Excerpt from The H Factor: Why Some People are Manipulative, Self-Entitled, Materialistic, and Exploitive—And Why It Matters for Everyone by Kibeom Lee and Michael C. Ashton
Chapter One: Meet the H Factor
Mary and Jane have a lot in common. Both are young women in their last year of study at the same law school. Each grew up in a two-parent family in a middle-class neighbourhood. Yet in some crucial ways they could hardly be more different.
To Mary, the law is like a martial art—a way to defeat opponents by mastering many complex manoeuvres. She chose law as a career because she wanted to make a lot of money, and with that aim in mind she has mainly studied the more lucrative legal specialties, such as corporate law and litigation. To achieve her career goals, Mary has made a point of skilfully ingratiating herself to certain influential professors. By applying just the right amount of flattery, she hopes to make the connections she needs for a good position after completing her degree.
Jane’s approach to the law is much more idealistic. She views the law as a means of achieving justice, and her goals in studying law are “to help people” and “to make a difference.” She’s trying to decide whether to work in the criminal justice system as a prosecutor or public defender, or to work for a not-for-profit organization. Jane has had some contact with her professors, chiefly when she has asked them to explain some of the finer points of the law. She tries to be pleasant and polite with her professors, but she would be uncomfortable trying to curry favour with them.
Mary and Jane are both single, but both plan to marry someday. For Mary, any prospective husband must hold some prestigious position in society; besides being wealthy, he should carry the trappings and the appearance of a very important man. Anything less just wouldn’t be worthy of her. For Jane, these considerations of money and status don’t really matter. She’s much more concerned with finding a man she can love, and although she might not realize it, this will probably mean a man who shares her values.***
As with Mary and Jane, Bill and Dave are similar in some ways. They’re both middle-aged men, and both own small automobile repair shops in towns just an hour’s drive apart. But again, in some ways they are opposites of each other.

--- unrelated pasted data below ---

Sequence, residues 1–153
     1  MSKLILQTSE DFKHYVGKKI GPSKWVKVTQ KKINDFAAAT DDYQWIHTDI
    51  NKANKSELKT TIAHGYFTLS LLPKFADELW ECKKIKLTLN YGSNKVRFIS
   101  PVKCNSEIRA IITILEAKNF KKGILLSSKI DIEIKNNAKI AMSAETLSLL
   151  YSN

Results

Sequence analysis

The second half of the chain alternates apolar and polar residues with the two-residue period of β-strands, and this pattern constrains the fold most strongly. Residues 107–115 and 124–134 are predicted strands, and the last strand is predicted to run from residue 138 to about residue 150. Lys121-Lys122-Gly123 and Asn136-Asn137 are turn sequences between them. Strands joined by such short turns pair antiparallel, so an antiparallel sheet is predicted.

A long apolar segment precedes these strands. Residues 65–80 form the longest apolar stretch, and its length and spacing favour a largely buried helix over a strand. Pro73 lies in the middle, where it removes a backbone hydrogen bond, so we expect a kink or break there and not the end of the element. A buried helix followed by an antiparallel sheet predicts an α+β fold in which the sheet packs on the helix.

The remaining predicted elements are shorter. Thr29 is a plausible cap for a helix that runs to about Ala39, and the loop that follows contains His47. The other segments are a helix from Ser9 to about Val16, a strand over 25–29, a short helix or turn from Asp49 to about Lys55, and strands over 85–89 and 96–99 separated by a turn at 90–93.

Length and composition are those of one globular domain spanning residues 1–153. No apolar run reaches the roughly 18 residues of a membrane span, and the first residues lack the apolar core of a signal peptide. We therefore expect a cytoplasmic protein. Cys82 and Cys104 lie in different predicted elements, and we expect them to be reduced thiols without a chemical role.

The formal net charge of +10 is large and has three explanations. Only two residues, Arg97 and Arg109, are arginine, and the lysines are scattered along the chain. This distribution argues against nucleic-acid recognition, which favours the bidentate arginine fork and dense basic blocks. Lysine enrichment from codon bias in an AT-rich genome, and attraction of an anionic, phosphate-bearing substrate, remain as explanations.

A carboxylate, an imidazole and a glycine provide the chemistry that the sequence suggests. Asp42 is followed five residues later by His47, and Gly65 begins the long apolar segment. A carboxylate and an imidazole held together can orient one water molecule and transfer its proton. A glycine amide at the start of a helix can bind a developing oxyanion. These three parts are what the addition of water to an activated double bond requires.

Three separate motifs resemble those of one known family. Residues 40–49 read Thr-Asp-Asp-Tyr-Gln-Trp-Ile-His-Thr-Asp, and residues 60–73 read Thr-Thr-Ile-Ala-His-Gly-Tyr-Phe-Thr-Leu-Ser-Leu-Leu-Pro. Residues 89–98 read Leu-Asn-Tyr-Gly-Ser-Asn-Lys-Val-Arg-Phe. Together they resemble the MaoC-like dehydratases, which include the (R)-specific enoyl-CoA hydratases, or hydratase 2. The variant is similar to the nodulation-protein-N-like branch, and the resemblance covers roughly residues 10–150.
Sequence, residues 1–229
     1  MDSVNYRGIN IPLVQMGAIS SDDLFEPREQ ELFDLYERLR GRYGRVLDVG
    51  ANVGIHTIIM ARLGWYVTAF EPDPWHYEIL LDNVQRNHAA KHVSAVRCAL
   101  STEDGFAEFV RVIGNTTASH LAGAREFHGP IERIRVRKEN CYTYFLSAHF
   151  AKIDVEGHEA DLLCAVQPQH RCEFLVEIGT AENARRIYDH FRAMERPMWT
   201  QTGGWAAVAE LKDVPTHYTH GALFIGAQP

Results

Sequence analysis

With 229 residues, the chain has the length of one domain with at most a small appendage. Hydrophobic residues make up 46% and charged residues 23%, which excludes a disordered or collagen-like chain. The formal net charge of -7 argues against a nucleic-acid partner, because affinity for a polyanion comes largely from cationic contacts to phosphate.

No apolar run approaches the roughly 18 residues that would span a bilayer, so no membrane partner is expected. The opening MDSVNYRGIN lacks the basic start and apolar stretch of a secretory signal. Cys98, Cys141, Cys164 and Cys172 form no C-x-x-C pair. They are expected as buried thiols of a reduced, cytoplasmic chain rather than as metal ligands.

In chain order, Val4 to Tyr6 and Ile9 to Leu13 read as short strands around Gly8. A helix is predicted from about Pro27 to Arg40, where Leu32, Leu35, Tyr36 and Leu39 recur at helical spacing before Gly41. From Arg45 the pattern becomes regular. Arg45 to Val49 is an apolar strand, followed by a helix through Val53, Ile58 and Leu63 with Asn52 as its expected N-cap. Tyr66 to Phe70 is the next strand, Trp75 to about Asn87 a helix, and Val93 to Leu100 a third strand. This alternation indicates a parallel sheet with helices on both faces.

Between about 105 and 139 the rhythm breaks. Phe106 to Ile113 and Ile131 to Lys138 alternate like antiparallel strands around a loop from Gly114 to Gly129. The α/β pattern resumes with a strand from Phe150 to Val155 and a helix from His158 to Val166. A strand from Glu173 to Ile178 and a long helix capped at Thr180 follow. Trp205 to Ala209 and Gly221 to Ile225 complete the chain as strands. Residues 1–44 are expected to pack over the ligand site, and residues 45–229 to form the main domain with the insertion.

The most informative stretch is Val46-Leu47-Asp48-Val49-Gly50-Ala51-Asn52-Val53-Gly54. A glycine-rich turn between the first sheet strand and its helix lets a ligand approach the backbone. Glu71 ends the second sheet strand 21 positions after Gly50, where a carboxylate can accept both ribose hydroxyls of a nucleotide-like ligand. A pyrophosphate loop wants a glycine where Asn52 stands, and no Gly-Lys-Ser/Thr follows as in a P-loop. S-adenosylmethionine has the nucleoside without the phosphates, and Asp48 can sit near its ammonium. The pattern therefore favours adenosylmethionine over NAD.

Bill and Dave have entirely different outlooks on how to run a business. Bill’s motto could be summed up as “Let the buyer beware”: when customers come to his shop, he’ll often recommend repairs that aren’t really necessary, and he’ll often save money by substituting lower-quality parts for those that are intended for a given vehicle. Often, if Bill judges that a customer will take the deal, he offers to do the work for cash, so that no receipts are kept and no taxes are paid.
Dave, by contrast, never deceives his customers or the tax authorities. He recommends only the repairs that are really required, which often means that his customers have less repair work done than they thought they would need. The parts he uses are always as stated on the invoice to the customer. Every transaction is recorded for tax purposes.
Both Bill and Dave are active in their local communities, but here again their styles are a study in contrasts. Bill was recently elected president of his town’s minor sports association, and since assuming office he has been quite impressed with his own importance. He’s very generous to himself in claiming expenses associated with his duties, and he likes to have his name on many plaques and newspaper articles. Dave, on the other hand, has done a lot of volunteer work for his local sports association, but he often pays out of his own pocket, and he certainly doesn’t look for special recognition.
Finally, Bill and Dave differ in their married lives. Over the years, Bill has carried on a series of affairs; from his perspective, a virile and successful man such as himself is entitled to some extramarital excitement. (His wife wouldn’t share this point of view, so he must be crafty enough to conceal these adventures from her— and also from any husbands of his mistresses.) Dave, by contrast, has never cheated on his wife. He finds other women attractive, and he could likely find a willing partner rather easily, but he simply couldn’t bring himself to betray his wife’s trust.
The above vignettes illustrate the opposite extremes of a dimension of personality: Mary and Bill are at one end, Jane and Dave at the other. We call this personality dimension the H factor. The “H” stands for Honesty-Humility, and it’s one of only six basic dimensions of personality. In this book, we’ll tell you about all six of those dimensions—the HEXACO personality factors—but the H factor will be our main focus.
The H factor hadn’t been recognized by psychologists until about the year 2000. Back then, most of them believed that people’s personalities could best be summarized in terms of exactly five dimensions. Those five personality dimensions, known collectively as the Big Five, don’t fully capture the H factor, and therefore they can only partly capture the differences between Mary and Jane and between Bill and Dave.
Research in the past decade has shown how the H factor matters in many aspects of people’s lives: It underlies their approaches toward money, power, and sex. It governs their inclination to commit crimes or obey the law. It orients them toward certain attitudes about society, politics, and religion. It influences their choice of friends and spouse. Throughout this book, we’ll be explaining the role of the H factor in these various domains of life.
Considering the importance of the H factor, you might wonder why it had gone missing for such a long time—and how psychologists finally did recognize it as one of the basic dimensions of personality. We’ll begin with the story of how we happened to find the H factor—largely by accident—back during our days as graduate students.